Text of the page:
“Workers can’t be satisfied with the current status,” she stressed.
No reasonable compensation
The FAOM failed to secure long service payments for employees in the most recent review of the Labour Relations Law in 2009. Lei said the government promised that a mandatory provident fund would be introduced instead, but the workers union is still determined to achieve this outcome but expect it to be a ‘long battle’.
The Standing Committee for the Coordination of Social Affairs has already begun preliminary talks in the newest round of the law revision. Lei said the employee representatives intend on proposing to cancel the dismissal compensation ceiling or at least to raise the level in order to keep pace with the reality.
Under the current Labour Relations Law, an employer who dismisses an employee without justification is obliged to pay compensation. The maximum amount is calculated based on up to 12 months salary and a salary amount up to MOP 14,000 at most, no matter how long the person had worked in the company and how much he/she was earning each month.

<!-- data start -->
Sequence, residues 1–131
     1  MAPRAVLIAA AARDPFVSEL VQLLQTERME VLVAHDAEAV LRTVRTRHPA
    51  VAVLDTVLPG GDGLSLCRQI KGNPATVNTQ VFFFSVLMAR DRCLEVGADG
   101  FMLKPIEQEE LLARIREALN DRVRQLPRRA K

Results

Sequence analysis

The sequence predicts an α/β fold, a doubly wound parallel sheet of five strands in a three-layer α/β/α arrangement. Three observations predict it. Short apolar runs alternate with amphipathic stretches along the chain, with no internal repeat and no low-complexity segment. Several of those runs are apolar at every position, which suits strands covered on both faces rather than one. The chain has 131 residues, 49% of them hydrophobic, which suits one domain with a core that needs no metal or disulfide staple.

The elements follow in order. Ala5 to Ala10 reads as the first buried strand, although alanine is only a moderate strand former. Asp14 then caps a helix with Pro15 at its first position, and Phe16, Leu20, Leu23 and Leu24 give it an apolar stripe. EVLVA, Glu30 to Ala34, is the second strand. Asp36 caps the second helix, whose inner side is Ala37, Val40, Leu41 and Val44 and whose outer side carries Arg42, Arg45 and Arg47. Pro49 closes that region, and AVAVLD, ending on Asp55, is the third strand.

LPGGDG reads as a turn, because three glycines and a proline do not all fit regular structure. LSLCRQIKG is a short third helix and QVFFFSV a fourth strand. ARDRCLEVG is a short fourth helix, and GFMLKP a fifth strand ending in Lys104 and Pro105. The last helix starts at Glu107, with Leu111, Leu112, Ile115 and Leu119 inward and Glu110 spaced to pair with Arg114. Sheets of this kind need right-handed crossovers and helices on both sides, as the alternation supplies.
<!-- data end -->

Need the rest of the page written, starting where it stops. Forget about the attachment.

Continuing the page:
“Workers’ wages have risen in general especially for casino employees whose income is mostly over MOP 14,000 nowadays,” Lei said.
“The law says the cap can rise depending on the socio-economic situation. But no changes were made in the last revision of the law,” she added.
In addition, she pointed out that as Macau has no compensation for statutory holidays unlike Hong Kong, sometimes workers would have their weekly days off scheduled by their employers on the same day as the statutory holiday, regardless if it was intentional or not.
“It’s also very hard for workers to prove that the company is doing this deliberately,” she said.
Lei disclosed that this time the focal point of the review is to “clear doubts” in the provisions to make law enforcement more effective.
Director of the Labour Affairs Bureau, Shuen Ka Kung, told the MDTimes in last Monday’s interview that a union and strike law are not yet necessary in the territory.
Yet, the FAOM vice-chairwoman argued that “[collective bargaining] can actually benefit the negotiations between companies and workers and avoid a lot of unnecessary disputes”.
“The laws aren’t only about protests or sit-ins and workers unions don’t necessarily stir up conflicts,” she reiterated.
Although the FAOM is called a union, she said it is “in fact just a social organisation [in legal terms]” and thus there are “doubts over its legitimacy to fight for workers’ rights and interests” in Macau.